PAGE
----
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  • Title: [SW News] (Sergei Guliy /OBSHCHAYA GAZETA) Should The Big Powers Intervene In The Situation In The Horn of Africa
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  • Date:  [17 May 2000]


Should The Big Powers   Intervene In The Situation In The Horn of Africa

May 17, 2000
BYLINE: Sergei Guliy

In spite of tiff between Moscow and Washington in U.N. Security Council
on ways of handling situation in Horn of Africa, American side hopes
that on eve of Putin-Clinton summit, Russia won't be too obstinate,
foreign politics observer writes.

It is an open secret that in the current armed conflict in the Horn of
Africa, both sides - Ethiopia and Eritrea - are using Russian weapons in
the fighting. But in this case too, Russia and the United States have
found themselves "on opposite sides of the barricade," so to speak,
OBSHCHAYA GAZETA writes in its story.

In the U.N. Security Council, Moscow and Washington are unable to come
to terms on the question whether the big powers should intervene in the
situation in the Horn of Africa. The fighting there has now become the
largest theater of armed actions in the world.

To halt the bloodshed, the United States has suggested imposing an
immediate ban on deliveries of weapons, spare parts and ammunition to
both warring sides. In tabling such a proposal, Washington actually
brands Addis Ababa "the aggressor."

On its part, Russia has offered its peace plan. However, there is not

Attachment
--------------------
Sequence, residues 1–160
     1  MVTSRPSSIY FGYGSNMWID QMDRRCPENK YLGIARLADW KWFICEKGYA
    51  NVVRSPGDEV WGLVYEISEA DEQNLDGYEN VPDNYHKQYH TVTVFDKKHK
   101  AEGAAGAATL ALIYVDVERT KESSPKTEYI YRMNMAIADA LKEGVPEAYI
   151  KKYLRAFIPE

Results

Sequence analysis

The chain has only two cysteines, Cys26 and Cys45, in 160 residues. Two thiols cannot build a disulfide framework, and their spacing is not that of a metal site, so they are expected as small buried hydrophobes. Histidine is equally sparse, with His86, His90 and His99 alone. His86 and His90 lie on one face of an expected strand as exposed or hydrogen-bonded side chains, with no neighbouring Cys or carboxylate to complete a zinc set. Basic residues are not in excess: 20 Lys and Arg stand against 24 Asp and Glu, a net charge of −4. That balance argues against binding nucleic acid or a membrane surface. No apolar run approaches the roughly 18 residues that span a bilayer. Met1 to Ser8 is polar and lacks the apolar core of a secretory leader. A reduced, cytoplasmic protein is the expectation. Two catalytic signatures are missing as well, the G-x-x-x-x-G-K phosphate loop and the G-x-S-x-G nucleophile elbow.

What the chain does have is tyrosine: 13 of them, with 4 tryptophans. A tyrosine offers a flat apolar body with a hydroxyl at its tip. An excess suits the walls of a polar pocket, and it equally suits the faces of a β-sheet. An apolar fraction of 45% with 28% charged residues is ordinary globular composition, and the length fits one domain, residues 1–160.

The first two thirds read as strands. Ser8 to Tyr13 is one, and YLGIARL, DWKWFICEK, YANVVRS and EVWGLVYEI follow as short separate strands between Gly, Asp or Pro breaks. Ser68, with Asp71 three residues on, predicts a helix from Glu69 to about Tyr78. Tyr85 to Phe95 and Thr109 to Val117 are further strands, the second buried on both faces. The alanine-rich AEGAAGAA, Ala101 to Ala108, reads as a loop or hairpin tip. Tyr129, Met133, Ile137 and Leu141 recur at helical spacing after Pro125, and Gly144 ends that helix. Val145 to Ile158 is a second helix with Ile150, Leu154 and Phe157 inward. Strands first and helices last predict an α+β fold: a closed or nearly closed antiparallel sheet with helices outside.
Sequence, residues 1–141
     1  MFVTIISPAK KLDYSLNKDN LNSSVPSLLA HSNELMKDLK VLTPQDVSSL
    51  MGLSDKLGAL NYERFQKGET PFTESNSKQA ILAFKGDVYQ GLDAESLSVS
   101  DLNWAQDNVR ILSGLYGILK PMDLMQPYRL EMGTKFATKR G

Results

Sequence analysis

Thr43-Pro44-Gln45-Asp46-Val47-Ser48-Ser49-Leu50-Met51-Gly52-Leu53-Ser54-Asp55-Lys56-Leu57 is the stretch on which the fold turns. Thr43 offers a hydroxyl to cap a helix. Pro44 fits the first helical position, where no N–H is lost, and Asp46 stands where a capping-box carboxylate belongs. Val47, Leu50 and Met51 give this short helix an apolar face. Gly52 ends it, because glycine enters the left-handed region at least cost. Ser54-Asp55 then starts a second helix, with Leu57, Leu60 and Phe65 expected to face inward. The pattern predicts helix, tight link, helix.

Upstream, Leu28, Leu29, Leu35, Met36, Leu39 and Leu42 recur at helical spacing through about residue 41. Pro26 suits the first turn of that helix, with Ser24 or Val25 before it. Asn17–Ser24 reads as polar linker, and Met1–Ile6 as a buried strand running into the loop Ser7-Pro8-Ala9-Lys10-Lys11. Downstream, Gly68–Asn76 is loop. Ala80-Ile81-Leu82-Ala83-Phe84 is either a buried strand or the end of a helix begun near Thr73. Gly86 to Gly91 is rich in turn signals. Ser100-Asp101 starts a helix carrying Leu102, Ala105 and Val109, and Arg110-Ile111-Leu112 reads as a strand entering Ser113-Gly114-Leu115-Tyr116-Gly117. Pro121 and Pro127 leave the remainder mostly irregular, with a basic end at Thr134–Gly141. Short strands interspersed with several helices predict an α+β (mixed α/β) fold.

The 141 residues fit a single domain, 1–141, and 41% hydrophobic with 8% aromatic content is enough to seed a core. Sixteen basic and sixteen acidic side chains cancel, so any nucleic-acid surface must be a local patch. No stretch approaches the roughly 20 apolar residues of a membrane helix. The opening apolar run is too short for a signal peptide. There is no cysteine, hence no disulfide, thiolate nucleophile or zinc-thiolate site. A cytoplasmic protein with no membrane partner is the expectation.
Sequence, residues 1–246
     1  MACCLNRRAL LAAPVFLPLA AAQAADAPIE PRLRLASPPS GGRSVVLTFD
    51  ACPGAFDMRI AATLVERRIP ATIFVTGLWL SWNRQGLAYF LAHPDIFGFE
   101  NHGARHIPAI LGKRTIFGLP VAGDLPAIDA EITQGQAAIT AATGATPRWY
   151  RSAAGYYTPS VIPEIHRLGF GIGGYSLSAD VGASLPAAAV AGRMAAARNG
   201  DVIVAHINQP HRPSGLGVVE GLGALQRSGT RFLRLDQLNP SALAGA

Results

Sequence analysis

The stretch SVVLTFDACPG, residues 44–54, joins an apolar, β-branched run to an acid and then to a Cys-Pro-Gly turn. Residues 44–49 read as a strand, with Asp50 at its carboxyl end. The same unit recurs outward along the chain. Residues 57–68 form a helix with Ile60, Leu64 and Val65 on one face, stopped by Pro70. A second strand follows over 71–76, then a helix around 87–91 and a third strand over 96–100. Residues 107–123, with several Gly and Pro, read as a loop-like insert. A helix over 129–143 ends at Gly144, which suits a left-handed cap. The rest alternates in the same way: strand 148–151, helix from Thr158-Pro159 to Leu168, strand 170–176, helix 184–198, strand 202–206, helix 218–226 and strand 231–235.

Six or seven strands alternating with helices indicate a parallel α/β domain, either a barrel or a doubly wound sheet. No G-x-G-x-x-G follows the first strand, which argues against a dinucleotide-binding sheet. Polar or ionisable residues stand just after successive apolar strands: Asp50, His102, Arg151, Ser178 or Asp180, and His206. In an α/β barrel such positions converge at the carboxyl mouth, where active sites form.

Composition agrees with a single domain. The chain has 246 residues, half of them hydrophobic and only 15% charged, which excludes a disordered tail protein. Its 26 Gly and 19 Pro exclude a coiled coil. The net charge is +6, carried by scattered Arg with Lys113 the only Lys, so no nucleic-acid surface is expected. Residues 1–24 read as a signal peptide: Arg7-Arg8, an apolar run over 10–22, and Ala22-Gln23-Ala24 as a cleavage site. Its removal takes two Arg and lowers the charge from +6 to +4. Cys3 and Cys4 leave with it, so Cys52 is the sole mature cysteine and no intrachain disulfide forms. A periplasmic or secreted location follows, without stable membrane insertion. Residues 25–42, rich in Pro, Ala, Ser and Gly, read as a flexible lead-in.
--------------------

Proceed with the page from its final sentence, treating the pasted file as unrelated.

even any mention of sanctions [arms deliveries] in it. It urges the
sides in the conflict to cooperate with the Organization of African
Unity in order to restore peace.

If Moscow and Washington "stick to their guns" discussion of the new
resolution could drag out for a very long time. However, there are
indications, the author writes, that the United States expects Moscow
"to slacken up a bit," and that it will not slap a veto to block the
American initiatives.

In fact, Washington hopes that on the eve of the Putin-Clinton summit in
June, Russia will not be too obstinate because of Africa. Perhaps, that
is the way it will turn out, the author remarks, but so far, Russian
diplomats are not showing any signs of giving up. The Russian Foreign
Ministry views the pressure from America as being an almost unconcealed
attempt to squeeze Russia out of this zone of its traditional interests.

And indeed Russia has what to lose in this region. And it is not only a
matter of regaining lost arms markets. There are indications that the
Ethiopian command would not mind getting back the Red Sea coast that was
lost after Eritrea splintered away seven years ago.

If Ethiopia annexes the port of Aseb, Russia may seriously count on
getting a worthy replacement for its naval logistics base on a Red Sea
island that went over to Eritrea.

And in view of Moscow's far-reaching plans to restore its permanent
presence in the World Oceans, the acquisition of a naval base next door
to the Persian Gulf would come in very handy, the author concludes.


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